Cormac McCarthy Facts

Cormac McCarthy Facts
Cormac McCarthy is an American award-winning writer best known for his novels All the Pretty Horses and No Country for Old Men. He was born Charles McCarthy Jr. on July 20th, 1933 in Providence, Rhode Island. He was the oldest son of six children born to Charles Joseph McCarthy and Gladys Christina McGrail McCarthy. His family relocated to Knoxville, Tennessee in 1937, and after graduating from high school, Cormac attended the University of Tennessee, studying liberal arts, until he quit in 1953 to serve in the U.S. Air Force. In 1957 Cormac returned to the University of Tennessee and began to write. Cormac won the Ingram-Merrill Award for creative writing in 1959 and in 1960, while still a student.
Interesting Cormac McCarthy Facts:
Charles McCarthy changed his name to Cormac McCarthy. Cormac means 'son of Charles'.
While serving in the Air Force Cormac spent two years in Alaska where he worked as a radio show host.
In the early 1960s Cormac McCarthy had begun writing his first novel. He lived in Chicago at the time, and married Lee Holleman, a student he had met while in university. Their marriage lasted only a year but they had a son together named Cullen McCarthy.
Cormac McCarthy's first novel titled The Orchard Keeper was published in 1965. He won the William Faulkner Award for this novel, despite the fact that it had received mixed reviews.
Cormac McCarthy was granted a traveling fellowship from the American Academy of Arts and Letters and went to Europe, where he remained for a few years. During this trip he met his second wife Anne DeLisle, whom he married in 1967.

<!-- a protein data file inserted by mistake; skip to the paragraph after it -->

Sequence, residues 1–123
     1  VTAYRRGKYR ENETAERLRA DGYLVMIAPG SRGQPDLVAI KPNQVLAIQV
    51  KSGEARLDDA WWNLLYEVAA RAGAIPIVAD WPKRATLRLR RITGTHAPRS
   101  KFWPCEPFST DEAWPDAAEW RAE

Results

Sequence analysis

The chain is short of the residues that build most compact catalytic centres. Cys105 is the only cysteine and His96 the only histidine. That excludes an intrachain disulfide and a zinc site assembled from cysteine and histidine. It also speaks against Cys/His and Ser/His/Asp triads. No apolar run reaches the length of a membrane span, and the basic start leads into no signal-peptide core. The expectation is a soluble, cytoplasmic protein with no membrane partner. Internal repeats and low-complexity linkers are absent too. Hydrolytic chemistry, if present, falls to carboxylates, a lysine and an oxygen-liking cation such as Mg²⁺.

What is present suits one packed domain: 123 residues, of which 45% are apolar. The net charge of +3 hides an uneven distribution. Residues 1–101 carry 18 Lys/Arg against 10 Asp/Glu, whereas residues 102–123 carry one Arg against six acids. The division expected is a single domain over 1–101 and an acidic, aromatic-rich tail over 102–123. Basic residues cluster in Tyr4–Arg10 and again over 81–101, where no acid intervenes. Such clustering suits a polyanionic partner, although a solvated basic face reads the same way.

A year after McCarthy and his new wife returned to the United States he published his next novel Outer Dark.
Cormac McCarthy's next two novels Child of God (1974), and Suttree (1979) helped establish his literary reputation.
In 1981 Cormac and his second wife divorced. He married again, to Jennifer Winkley. They had one child John McCarthy in 1998, before divorcing in 2006.
Cormac McCarthy wrote several more novels including Blood Meridian or the Evening Redness in the West (1985), All the Pretty Horses (1992), The Crossing (1994), Cities of the Plain (1998), No Country for Old Men (2005), The Road (2006), and The Passenger, which is unpublished.
Cormac McCarthy has written screenplays including The Gardener's Son (1976), The Sunset Limited (2011), and The Counselor (2013).
Cormac McCarthy has written and published two plays including The Stonemason (1995), and The Sunset Unlimited (2006).
Several of Cormac McCarthy's novels have been adapted to film including All the Pretty Horses (2000), No Country for Old Men (2007), The Road (2009).
Cormac McCarthy has won a variety of awards including the 1969 Guggenheim Fellowship, the 1981 MacArthur Fellowship, the 1992 National Book Award for Fiction, the 1996 and 2000 IMPAC Awards, the 2006 James Tait Black Memorial Prize for Fiction, the 2007 Pulitzer Prize for Fiction, the 2008 Maltese Falcon Award, and the 2008 PEN/Saul Bellow Award for Achievement in American Fiction.
The film version of No Country for Old Men won four Academy Awards.

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